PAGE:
I've been tinkering with Python (2.5) over the past few months; both in Google App Engine, and in free-running apps/processes. My initial free-running apps ingested "structured" content from a variety of web APIs, and would crash roughly every 12 hours, and would need to be restarted. Subsequently I took a "short-lived" process approach to managing these apps; cron would monitor them to make sure they were still running, then restart them if they'd died.
More recently I built an app that digested data from a known clean API (Gnip). Digesting data from Gnip ensures consistency in data format and structure. As a result, the Python app has been running for several days without issue. Now, of course the initial app crashing was due to bugs in code I wrote, but bulletproofing against broken/dirty/poorly-encoded/inconsistently-encoded data coming from random web APIs is a pain. Covering every case in modern apps takes a lot of energy. I opted for the "bounce it" strategy rather than to debug the issue (a major time sync due to variability and inconsistency; any engineer's worst nightmare).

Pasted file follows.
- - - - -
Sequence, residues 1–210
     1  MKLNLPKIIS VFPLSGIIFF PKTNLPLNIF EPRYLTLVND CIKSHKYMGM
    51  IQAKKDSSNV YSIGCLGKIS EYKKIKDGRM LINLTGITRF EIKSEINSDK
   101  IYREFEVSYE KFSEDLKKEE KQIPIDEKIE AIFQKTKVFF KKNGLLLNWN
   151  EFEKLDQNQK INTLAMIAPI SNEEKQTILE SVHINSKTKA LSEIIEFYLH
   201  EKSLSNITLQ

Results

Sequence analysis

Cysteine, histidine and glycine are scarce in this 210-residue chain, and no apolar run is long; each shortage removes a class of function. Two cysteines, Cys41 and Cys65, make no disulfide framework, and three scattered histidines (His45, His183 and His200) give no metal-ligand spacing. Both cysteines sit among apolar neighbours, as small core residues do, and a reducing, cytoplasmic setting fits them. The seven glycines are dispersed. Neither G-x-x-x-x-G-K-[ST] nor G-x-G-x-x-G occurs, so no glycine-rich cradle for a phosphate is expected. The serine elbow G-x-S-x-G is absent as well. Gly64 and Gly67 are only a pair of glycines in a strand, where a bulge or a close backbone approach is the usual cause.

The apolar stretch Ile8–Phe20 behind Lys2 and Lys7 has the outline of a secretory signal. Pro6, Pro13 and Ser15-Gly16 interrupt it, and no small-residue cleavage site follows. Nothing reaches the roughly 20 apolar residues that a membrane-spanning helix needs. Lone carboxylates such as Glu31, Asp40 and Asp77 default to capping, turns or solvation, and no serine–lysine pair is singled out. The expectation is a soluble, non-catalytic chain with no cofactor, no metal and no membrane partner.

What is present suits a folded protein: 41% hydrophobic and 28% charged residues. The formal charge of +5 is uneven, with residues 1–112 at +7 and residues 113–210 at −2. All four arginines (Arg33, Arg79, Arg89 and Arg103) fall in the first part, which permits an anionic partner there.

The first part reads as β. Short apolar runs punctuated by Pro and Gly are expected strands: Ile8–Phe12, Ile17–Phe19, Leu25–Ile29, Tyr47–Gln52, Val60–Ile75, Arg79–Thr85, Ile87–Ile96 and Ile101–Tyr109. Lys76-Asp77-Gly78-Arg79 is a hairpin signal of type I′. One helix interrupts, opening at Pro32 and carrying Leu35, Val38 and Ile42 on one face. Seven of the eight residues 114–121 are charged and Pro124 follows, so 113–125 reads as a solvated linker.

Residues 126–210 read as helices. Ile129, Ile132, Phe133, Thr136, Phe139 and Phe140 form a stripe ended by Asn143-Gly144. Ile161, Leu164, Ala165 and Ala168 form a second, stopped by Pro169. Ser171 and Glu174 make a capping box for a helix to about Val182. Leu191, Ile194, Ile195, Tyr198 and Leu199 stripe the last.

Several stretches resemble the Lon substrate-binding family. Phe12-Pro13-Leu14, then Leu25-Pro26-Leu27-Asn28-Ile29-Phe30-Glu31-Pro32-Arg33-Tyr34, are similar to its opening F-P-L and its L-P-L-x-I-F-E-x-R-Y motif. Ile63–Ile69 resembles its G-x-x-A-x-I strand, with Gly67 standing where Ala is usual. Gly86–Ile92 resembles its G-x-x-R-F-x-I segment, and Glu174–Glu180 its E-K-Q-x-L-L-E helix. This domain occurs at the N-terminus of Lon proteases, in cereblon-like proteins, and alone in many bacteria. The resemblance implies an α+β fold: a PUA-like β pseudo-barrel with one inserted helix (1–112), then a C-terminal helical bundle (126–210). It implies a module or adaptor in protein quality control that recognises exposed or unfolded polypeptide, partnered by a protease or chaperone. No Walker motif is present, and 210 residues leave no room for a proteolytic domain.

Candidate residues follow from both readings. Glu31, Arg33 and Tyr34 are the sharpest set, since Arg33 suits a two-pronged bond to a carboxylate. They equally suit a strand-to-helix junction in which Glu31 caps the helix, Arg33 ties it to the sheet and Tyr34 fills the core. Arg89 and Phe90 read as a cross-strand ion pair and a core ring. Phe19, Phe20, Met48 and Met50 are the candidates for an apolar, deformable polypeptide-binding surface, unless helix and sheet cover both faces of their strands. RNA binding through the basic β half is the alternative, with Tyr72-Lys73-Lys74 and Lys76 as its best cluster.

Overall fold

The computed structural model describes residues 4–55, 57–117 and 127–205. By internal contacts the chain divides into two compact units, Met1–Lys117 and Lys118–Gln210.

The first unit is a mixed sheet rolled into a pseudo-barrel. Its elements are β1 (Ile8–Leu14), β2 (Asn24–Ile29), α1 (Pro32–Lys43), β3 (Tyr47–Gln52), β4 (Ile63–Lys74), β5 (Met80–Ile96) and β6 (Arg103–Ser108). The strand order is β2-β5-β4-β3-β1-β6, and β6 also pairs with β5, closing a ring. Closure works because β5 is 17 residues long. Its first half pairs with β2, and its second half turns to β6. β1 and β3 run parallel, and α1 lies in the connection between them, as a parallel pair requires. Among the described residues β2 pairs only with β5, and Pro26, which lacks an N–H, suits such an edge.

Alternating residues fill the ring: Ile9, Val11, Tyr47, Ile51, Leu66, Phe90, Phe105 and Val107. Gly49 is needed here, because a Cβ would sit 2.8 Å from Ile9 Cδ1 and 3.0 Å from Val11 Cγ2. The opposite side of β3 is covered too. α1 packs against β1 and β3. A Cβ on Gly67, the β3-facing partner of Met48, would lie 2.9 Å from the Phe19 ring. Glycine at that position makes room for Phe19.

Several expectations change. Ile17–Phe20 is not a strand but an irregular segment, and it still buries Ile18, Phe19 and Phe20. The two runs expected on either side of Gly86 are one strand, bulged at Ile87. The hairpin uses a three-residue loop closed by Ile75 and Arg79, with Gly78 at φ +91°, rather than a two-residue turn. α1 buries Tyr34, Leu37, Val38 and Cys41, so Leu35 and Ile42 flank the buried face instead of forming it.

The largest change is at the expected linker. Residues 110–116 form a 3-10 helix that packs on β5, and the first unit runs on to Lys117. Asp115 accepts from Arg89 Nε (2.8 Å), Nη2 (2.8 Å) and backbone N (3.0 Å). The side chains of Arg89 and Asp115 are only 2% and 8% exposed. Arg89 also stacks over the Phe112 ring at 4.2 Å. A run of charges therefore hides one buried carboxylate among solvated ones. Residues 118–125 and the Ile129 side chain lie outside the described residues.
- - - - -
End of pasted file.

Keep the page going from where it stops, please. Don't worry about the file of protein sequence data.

The new application has instilled faith in Python as a choice for long-lived app processes, and reinforced how important clean input data is.